Most of the knowledge about Early Bronze Age artefacts of flint and other stone in Perth and Kinross comes from funerary contexts, although a thorough review of stray finds and lithic scatters would no doubt produce additional information. A corpus of all the funerary finds would also be useful; the examples mentioned below do not provide an exhaustive list.
The range of flaked lithic artefacts includes arrowheads and knives of flint. Most arrowheads are of the barbed-and-tanged type, such as the set of seven found in a grave at Broich Road, Crieff (MPK18471; Clarke 2013), or the set of five found at Haugh of Grandtully (MPK6035). However, one, found at Beech Hill House (MPK5042), is of a rare, hollow-based form. Like barbed-and-tanged arrowheads, hollow-based arrowheads were among the novelties that had been introduced from the Continent by Beaker users several centuries before the Early Bronze Age, but the tradition of making them persisted. While most Early Bronze Age arrowheads found in graves in Britain, where the sex of the deceased can be determined, are associated with males, the cremated remains associated with the set of five arrowheads at Haugh of Grandtully are thought to be those of a young adult female. Re-examination of the remains to check this identification is desirable.
Flint knives may be of simple form, as at Muirhall Farm (MPK3542; Stewart and Barclay 1997, illus14), but fine examples of plano-convex ‘slug’ knives are known from Sketewan (MPK5380), Loanleven (MPK2114; Russell-White et al 1992, fig 12) and North Mains barrow, burial B (MPK1358; Barclay 1983, fig 50). This last example was accompanied by a simpler form of knife. Where found accompanying cremated remains, the knives had passed through the funeral pyre.
At Haugh of Grandtully an unusual, large (86mm long), leaf-shaped, bifacially-retouched projectile head, possibly a spearhead, of flint was found in a Collared Urn, accompanying the remains of three children (Fig 39.4). It had passed through the funeral pyre.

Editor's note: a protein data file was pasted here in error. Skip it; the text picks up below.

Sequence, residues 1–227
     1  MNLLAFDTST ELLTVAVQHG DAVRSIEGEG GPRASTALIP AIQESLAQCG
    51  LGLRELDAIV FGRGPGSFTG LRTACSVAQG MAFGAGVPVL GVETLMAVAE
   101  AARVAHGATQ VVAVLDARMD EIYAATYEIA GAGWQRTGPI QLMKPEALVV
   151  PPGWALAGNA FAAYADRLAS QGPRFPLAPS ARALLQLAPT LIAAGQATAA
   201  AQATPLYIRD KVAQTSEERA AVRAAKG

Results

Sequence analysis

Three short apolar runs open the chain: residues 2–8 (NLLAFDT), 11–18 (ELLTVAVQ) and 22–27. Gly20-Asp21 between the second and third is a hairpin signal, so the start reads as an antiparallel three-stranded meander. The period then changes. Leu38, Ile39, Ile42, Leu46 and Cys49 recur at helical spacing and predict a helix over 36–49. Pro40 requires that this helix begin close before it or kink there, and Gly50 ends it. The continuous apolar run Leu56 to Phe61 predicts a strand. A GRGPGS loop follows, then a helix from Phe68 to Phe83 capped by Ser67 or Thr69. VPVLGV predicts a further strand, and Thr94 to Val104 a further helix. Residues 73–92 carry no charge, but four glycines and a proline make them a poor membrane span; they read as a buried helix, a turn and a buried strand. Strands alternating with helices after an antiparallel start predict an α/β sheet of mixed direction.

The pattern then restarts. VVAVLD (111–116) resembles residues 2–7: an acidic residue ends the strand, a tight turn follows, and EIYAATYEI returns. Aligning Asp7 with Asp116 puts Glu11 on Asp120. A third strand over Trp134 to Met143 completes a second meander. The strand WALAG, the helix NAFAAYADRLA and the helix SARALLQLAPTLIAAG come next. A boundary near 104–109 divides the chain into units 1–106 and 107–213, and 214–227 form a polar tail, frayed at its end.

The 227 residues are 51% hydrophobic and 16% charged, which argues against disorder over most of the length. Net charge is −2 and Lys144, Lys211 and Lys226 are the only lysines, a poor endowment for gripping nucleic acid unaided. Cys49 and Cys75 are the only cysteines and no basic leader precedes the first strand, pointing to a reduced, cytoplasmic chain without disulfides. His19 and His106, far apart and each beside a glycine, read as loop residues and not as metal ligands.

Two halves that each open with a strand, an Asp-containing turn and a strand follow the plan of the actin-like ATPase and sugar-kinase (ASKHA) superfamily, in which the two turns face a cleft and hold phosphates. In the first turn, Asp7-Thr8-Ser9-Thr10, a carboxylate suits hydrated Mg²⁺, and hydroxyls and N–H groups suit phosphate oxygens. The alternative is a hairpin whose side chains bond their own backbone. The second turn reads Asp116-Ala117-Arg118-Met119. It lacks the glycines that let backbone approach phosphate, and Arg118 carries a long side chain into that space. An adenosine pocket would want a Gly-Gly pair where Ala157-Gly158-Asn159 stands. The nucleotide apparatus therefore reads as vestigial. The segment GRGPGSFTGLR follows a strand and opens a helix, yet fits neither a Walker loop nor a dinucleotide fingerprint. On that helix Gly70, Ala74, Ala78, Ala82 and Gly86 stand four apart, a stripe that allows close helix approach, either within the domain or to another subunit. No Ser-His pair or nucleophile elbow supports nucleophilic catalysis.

Other Early Bronze Age flaked lithics from Perth and Kinross comprise simple flakes and blades of flint and chips of chert; a half-moon flint scraper was found in cist VII at Almondbank (MPK2064; Stewart and Barclay 1997, illus 5).
The most remarkable Early Bronze Age stone artefacts are the miniature battle-axehead and miniature pestle-shaped macehead found in two short-stone cists in Doune (McLaren 2004; Hamilton 1957; Anderson 1883). The battle-axehead (Table 1), made from quartz-rich sandstone, was associated with the remains of a male aged 5–9 and a small and a normal-sized Food Vessel. The remains have been dated to 1872–1547 cal BC (at 95.4% probability [SUERC-2869]; 3400±35 BP). The macehead, of veined quartzite, was found with the remains of a female aged 15–19 and a Food Vessel at Glenhead, Doune. Both are exceptionally rare artefacts, and they would have been prestigious, signalling the special status of the young people with whom they were buried. The question of the origin of the sandstone and quartzite has not been resolved, and it would be useful to find out whether these artefacts had been imported from elsewhere or made locally.
As for other stone artefacts, it is not known whether any stone axeheads were still in use in this part of Scotland during the Early Bronze Age. Elsewhere in Scotland there is evidence suggesting an overlap period of several centuries between the use of stone and metal axeheads.
Items of chalcedony, agate and quartz were among the grave goods found in a short-stone cist (cist 1) at Beech Hill House, Coupar Angus. These may represent locally-available materials selected for their aesthetic properties, or in some cases possibly through a belief in their special powers. This may well be the case for the burnt dimpled pebble, probably of agate, and a shattered agate pebble (Stevenson 1995, illus 10), which could have been amulets. Flakes, a scraper and a chunk of chalcedony were found along with quartz flakes in that cist.
Regarding patterns of lithic resource exploitation, there is no evidence that the calc-silicate hornfels of Creag na Caillich were still being exploited during this period, or at all after the Late Neolithic. Some flint – such as the speckled flint used to make the small blade found in Almondbank cist IX (Stewart and Barclay 1997, illus 5) – could probably have been obtained from local drift or riverine deposits. However, it remains to be seen whether the good-quality flint used for the largest and finest flint artefacts – ie plano-convex knives and the leaf-shaped projectile mentioned above – had been imported from elsewhere, as seems likely. Unfortunately, the fact that several of these items had been burnt in the funeral pyre makes it hard to comment further on the possible provenance of the flint. The chert chips found at Haugh of Grandtully (Simpson and Coles 1990, 43) could well have been obtained locally.